Kaltix

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Kaltix Corp.
Type Private
Industry Internet, Search Engine
Fate Acquired by Google, Inc.
(September 30, 2003)
Founded Palo Alto, California, U.S.
(June 16, 2003 (2003-06-16))
Founder(s) Taher Haveliwala, Glen Jeh, Sepandar "Sep" Kamvar
Key people Sep Kamvar
(Co-Founder & CEO)

Kaltix Corp., commonly known as Kaltix is a personalized search engine company founded at Stanford University in June 2003 by Sep Kamvar, Taher Haveliwala and Glen Jeh.[1][2] It was acquired by Google in September 2003.[3][4][5]

Description[edit]

Kaltix was a startup company formed to commercialize personalized web search technology.[2] It utilized a set of proprietary algorithms the trio developed to speed up the underlying computations of Google's PageRank algorithm and personalize search results by sorting them according to the interests of the individual instead of the consensus approach developed by Google.[6][7] The technology promised to make Google's search engine as much as 5 times faster and was said, by its founders, to offer a way to compute search results nearly 1,000 times faster than what was possible using current methods in 2003.[6][8][9]

History[edit]

Kaltix is based on the work of Sep Kamvar, Taher Haveliwala and Glen Jeh when they were members of the PageRank Project at Stanford University as graduate students in 2002-03.[1][10][11] Their purpose was to advance the PageRank algorithm developed by Larry Page and Sergey Brin, the co-founders of Google.[1][2] Their efforts resulted in the development of three algorithms: Quadratic Extrapolation, BlockRank and Adaptive PageRank.[12][13][14] Together, they formed the foundation of Kaltix.[15]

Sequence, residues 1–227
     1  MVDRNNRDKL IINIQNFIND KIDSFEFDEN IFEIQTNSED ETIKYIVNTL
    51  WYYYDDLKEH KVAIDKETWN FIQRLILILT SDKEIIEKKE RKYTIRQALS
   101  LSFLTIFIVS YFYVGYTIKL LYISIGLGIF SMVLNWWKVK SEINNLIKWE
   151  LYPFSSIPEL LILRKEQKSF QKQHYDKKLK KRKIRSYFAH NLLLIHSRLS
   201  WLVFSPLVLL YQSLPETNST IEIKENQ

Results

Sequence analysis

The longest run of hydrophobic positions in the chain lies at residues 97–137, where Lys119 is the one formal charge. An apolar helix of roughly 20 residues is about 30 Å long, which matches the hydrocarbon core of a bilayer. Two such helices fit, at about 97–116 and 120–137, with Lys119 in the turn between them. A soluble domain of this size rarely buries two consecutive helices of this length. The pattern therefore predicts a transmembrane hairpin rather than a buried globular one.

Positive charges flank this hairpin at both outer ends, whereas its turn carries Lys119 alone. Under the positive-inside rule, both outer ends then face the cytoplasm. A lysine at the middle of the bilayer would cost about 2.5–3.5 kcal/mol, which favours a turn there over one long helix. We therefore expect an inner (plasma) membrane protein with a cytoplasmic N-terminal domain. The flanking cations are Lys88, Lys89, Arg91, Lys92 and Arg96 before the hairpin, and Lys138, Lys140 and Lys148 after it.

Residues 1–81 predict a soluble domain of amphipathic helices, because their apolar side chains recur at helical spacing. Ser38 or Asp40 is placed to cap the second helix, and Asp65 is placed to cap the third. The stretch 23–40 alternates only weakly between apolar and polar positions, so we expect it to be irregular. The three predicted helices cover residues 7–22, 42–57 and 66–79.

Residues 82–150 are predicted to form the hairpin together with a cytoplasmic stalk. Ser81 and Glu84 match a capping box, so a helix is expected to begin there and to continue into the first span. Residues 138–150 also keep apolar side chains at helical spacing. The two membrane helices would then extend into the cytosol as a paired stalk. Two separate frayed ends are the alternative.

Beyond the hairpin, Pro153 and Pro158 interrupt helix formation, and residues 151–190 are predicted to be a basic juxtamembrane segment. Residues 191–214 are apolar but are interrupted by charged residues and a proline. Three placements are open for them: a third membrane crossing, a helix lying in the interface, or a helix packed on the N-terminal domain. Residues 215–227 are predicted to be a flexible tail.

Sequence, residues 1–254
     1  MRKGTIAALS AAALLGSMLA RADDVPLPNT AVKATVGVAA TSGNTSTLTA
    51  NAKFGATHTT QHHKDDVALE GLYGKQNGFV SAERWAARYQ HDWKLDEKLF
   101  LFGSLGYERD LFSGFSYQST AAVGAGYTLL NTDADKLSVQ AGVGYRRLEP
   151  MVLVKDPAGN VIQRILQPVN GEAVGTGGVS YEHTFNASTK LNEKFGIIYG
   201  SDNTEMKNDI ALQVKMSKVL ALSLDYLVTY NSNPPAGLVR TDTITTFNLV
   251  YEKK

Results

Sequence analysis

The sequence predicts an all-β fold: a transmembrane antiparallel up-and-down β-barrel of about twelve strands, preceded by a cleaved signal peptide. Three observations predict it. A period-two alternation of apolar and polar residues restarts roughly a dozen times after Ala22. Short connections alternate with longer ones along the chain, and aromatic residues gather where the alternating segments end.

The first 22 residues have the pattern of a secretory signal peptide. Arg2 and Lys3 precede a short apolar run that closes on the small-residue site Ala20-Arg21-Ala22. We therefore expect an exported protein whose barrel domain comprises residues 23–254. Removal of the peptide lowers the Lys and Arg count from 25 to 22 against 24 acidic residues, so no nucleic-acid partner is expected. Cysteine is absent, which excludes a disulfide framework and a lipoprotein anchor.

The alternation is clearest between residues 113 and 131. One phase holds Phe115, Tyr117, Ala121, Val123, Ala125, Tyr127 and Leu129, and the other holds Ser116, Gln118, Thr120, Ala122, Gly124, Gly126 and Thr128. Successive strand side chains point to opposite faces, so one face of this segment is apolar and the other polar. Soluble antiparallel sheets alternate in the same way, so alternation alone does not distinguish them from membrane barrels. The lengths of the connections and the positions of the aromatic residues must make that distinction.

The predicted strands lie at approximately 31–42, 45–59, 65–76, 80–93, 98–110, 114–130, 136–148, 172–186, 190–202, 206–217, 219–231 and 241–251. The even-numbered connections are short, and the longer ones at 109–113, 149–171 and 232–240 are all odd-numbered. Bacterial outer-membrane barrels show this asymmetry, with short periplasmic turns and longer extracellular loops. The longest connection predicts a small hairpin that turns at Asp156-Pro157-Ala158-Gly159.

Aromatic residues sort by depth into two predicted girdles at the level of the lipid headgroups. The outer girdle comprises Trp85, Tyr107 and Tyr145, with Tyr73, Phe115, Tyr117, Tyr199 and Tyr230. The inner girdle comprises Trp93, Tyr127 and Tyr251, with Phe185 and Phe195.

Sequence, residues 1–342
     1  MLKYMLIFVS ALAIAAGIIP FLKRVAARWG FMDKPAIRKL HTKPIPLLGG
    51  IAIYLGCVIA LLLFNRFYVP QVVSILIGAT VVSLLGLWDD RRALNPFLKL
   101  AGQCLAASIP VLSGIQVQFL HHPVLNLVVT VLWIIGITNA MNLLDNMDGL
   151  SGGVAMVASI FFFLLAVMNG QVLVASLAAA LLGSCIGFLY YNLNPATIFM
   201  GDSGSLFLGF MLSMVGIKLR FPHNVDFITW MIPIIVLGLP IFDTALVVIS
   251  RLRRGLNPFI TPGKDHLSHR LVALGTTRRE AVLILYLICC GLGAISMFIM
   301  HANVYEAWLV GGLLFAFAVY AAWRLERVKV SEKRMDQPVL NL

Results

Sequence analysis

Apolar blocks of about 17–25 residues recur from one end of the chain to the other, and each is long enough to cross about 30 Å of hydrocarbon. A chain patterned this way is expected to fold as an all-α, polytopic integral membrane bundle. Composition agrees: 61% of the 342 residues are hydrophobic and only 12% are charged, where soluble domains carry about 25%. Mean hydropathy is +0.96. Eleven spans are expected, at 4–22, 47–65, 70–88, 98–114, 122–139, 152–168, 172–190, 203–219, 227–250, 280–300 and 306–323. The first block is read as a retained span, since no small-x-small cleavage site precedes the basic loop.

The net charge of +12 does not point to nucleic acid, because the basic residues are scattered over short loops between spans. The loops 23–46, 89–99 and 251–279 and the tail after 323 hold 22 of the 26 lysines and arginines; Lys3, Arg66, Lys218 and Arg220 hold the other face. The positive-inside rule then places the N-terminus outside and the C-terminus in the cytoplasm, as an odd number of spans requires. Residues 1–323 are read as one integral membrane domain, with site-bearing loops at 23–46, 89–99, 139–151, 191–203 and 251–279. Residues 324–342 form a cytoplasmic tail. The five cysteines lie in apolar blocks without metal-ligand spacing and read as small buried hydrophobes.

The first of these algorithms was presented in a paper to the Twelfth International World Wide Web Conference (WWW 2003) in Budapest, Hungary on May 22, 2003.[12][16][17] Kaltix Corp was founded a short time later, on June 16, 2003; the same day the trio published their business plan and purchased the Kaltix domain name.[15][18] By August 2003, the company's PageRank system, which was designed to show results based on the individual preferences of the user, was rumored soon to outrank Google's consensus approach.[19][20] Just three months after the company's founding, on September 30, 2003, Kaltix was acquired by Google for an undisclosed sum.[4]

Reception[edit]

Kaltix was initially met with excitement and mystery by both technology writers (including The New York Times) and the technology industry as a whole.[5][21] Enthusiasm for the potential of personalized Google search results up to five times faster was accompanied by speculation based on what little anyone knew of the company.[1][22][23][24][25] Since its founding and acquisition by Google, Kaltix has been noted for its importance and its impact in the area of personalized search.[26][27][28][29][30]

References[edit]

  1. ^ a b c d Olsen, Stefanie. Search for the personal touch. CNET.com. August 11, 2003.
  2. ^ a b c PageRank Project. pagerank.stanford.edu.
  3. ^ Olsen, Stefanie. Academia's quest for the ultimate search tool. CNET.com. August 15, 2005.